Review: El Gaucho Steakhouse, Portland, Oregon

Review: El Gaucho Steakhouse, Portland, Oregon
Photos/Courtesey of El Gaucho
Part steakhouse and part full-service cigar lounge, El Gaucho is located adjacent to the historic Benson Hotel in Portland, Oregon.
A truly exceptional old-school cigar and steak experience

Sure, it’s a little predictable. Maybe a little bit cliché, but having a steak dinner as part of a night focused on smoking a great cigar is a classic pleasure. When you’re visiting ultra-hip-too-cool-for-me-culinary-cutting-edge Portland, Oregon, going against the grain and enjoying that experience is, well, just the right thing to do.

The right place to do it is at El Gaucho Portland, which describes itself as “The Northwest’s steakhouse legacy focused on old-school, tableside service for people celebrating their lives.” That barely tweet-able credo is supported even beyond—and before—what comes out of the kitchen. You see, El Gaucho has a cigar lounge.

In the lounge, which seats 25, you’ll be able to enjoy a cigar and a drink and watch the game and end up meeting some people who might set you up at a great winery that weekend. It’s got a few tables and several overstuffed leather chairs and sofa. Happy hour is available here and in the restaurant bar all night on Sunday and from 4:30 p.m. to 6 p.m., then from 10 p.m. to closing Monday through Friday, then on Saturday from 10 p.m. to closing.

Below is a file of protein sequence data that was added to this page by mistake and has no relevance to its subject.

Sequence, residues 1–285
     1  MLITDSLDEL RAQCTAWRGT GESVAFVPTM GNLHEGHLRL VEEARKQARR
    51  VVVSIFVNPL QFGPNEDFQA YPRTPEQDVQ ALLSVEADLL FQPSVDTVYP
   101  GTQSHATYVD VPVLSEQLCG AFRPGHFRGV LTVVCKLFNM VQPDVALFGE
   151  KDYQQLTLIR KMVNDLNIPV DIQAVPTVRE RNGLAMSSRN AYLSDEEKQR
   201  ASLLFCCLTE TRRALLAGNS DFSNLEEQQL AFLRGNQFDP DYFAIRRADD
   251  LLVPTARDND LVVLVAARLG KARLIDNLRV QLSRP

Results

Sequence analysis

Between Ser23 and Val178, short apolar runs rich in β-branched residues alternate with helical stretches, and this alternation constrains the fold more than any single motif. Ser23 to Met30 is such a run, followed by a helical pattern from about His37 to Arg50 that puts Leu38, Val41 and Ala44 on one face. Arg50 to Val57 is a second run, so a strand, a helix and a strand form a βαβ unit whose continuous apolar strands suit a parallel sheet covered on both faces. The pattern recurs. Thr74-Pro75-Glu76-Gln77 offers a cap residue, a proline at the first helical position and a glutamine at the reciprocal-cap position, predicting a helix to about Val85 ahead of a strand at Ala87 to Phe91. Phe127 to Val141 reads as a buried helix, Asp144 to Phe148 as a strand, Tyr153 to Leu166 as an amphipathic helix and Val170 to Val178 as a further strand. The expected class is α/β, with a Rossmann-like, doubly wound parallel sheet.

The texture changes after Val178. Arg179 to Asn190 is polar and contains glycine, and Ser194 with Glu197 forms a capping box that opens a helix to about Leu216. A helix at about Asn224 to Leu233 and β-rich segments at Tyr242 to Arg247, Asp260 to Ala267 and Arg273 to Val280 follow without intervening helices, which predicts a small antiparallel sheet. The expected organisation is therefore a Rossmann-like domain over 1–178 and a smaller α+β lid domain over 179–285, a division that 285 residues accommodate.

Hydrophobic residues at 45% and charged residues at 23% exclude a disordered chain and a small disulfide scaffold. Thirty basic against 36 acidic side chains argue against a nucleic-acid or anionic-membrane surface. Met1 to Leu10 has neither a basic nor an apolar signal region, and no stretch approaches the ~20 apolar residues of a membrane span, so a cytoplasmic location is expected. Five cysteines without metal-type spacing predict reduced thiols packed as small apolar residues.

In the lounge, which seats 25, you’ll be able to enjoy a cigar and a drink and watch the game.
In the lounge, which seats 25, you’ll be able to enjoy a cigar and a drink and watch the game.

“You can have anything in here that you can in the restaurant, but here you can smoke cigars and watch TV,” explained Nick Henley, director of the cigar program.

You can also choose from a bar bites menu available only in the cigar room. Perhaps hold off and just chill a bit to ready your appetite for dinner. Order a house-special Black Manhattan, the distinction being that instead of vermouth, a rich amaro is mixed with Eagle Rare Bourbon (they were out of their house Woodford Reserve), a local cherry and orange peel. It’s a beautiful, dusky dark drink that offers just the right amount of sweetness to balance the Ashton Symmetry Prism being puffed at a table.

If you prefer other spirits, there’s a comprehensive list, including “Oregon Booze” and lots of Bourbon, rum, Scotch and Japanese whiskies, among others.

El Gaucho shines a cigar spotlight on a Macanudo Vintage Maduro 1997 ($30) paired with a Barbancourt 15 Estate Reserve Rum ($14). Or choose from an extensive cigar menu that ranges from $15 for a small Oliva Connecticut Reserve to $165 for a Davidoff Royal Release. In between, there are Fuente Hemingway Short Story, My Father Le Bijou 1922, La Gloria Cubana, E.P. Carrillo Encore Majestic (2018’s Cigar of the Year), Oliva Serie V Melanio, Padrón 1964 Anniversary Maduro and 1926 Series 80th Anniversary, Fuente Fuente OpusX and a La Aurora 1903 Edition Platinum.

The cigar lounge has 56 lockers at a cost of $450 a year. There are 40 people on the wait-list. There are two TVs in the lounge. The time passes quickly. Soon, it’s time to move to the restaurant where executive chef Steve Cain has promised to dazzle us. Who’s arguing? We’re in his hands.

Along with an extensive list of cigar and drink offerings, guests can also choose from a bar bites menu available only in the cigar room.
Along with an extensive list of cigar and drink offerings, guests can also choose from a bar bites menu available only in the cigar room.

Garlic toast hits the table and the traditional “don’t fill up on bread” warning must be issued. Our server is dressed in a short black jacket and wears a bow tie. He knows his stuff. A live flamenco guitar fills in the spaces between snippets of conversation.